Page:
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Harry the rhino flies home

Harry the rhino

In 2015, Sumatran rhino Harapan (“Harry”) flew with Cathay Pacific from the United States to his ancestral home in Indonesia. He made the 16,000-kilometre journey from Cincinnati Zoo to the Sumatran Rhino Sanctuary to be part of a breeding programme that hopes to save his species from extinction.

Sumatran rhinos are critically endangered – with just 80 individuals left in the wild. Once free to roam throughout Southeast Asia, they are now only found on the islands of Sumatra and Borneo. The last few animals continue to be threatened by destruction of their habitats, and poachers seeking their horns, which are valued in Chinese medicine and as ornaments and trophies.

After spending the first eight years of his life in American zoos, Harry now spends his time eating native plant species and bathing in mud in an open forest area the size of about 12 football pitches. It was worth the long journey, but it wasn’t easy!

Travelling rhino class

  • Q: Do rhinos need passports?
    A: No, but the zoo had to fill in reams of paperwork due to strict Indonesian and American travel regulations, and he had to go for a comprehensive medical check up to make sure he was fit to travel.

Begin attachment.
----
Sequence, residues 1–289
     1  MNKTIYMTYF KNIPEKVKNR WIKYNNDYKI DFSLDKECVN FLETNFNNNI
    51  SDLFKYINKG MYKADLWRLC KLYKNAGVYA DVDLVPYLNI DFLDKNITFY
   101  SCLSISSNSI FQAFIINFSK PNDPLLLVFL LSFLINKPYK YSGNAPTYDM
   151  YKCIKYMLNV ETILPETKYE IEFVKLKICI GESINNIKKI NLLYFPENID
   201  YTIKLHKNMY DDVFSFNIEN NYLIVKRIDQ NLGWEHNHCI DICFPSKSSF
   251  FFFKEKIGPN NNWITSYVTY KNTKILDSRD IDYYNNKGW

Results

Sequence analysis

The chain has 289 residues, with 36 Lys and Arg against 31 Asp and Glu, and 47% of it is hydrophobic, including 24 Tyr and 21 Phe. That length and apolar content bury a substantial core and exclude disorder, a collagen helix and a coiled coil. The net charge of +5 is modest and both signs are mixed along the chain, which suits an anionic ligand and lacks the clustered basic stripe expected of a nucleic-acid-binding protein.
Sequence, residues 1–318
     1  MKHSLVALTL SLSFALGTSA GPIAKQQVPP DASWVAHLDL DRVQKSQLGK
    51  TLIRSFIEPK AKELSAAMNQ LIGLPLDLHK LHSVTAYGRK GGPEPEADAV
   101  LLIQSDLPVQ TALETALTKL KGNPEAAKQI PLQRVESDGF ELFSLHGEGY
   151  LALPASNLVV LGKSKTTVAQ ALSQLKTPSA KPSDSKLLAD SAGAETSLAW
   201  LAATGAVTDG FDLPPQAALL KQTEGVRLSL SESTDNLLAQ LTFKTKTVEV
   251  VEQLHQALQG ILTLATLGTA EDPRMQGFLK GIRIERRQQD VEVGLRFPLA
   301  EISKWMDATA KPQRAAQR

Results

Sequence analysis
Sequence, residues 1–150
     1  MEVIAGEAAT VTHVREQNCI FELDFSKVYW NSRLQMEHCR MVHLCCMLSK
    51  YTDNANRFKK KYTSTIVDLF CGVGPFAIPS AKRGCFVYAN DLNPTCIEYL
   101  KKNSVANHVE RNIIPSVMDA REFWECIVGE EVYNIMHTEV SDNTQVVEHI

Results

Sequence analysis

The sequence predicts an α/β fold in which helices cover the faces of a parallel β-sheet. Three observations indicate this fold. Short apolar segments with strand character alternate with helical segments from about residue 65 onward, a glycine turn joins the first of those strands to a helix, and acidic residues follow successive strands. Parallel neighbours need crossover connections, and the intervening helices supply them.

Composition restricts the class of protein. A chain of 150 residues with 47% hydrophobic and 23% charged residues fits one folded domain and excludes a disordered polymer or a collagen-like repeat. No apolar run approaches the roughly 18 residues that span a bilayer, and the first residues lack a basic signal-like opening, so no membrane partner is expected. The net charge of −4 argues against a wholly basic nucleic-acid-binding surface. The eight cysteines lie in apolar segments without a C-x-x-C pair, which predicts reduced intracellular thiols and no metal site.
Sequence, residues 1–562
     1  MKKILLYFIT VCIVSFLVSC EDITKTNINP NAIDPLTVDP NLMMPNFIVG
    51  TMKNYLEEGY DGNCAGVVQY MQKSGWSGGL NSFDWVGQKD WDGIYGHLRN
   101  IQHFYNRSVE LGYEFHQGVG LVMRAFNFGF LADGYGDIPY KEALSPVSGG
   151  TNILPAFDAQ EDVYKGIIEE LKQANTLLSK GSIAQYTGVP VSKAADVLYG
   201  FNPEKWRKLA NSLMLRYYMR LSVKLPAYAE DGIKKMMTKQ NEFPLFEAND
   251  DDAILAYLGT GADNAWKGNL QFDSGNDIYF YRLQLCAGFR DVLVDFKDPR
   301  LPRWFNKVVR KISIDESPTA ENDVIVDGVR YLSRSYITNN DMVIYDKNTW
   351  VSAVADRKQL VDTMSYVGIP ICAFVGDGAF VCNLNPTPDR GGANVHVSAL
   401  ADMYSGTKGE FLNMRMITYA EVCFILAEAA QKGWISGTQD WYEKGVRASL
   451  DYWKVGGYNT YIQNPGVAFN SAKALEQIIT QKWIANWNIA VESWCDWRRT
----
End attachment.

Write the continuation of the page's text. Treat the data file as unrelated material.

• Q: How early did Harry have to check in?
    A: Most passengers need to check in 1-2 hours before their flight is scheduled to depart, but Harry had to arrive several hours in advance to make sure he was settled and comfortable in his special crate, which he had been trained to walk into himself.
  • Q: What was his baggage allowance?
    A: No bags! Just Harry himself, weighing in at over 800 kilograms…oh, and his keeper, who kept him company on the trip.
  • Q: What’s on the in-flight menu?
    A: Chicken with noodles or beef with rice? Not for Harry – he’s a vegetarian! His in-flight meal consisted of fruit, leaves, and twigs.
  • Q: Was there any in-flight entertainment?
    A: Door to door, Harry was in transit for 53 hours! When he arrived he was the entertainment, as reporters scrambled to take pictures of his species’ new hope.

Watch this video of Harry’s 53-hour journey to his new home.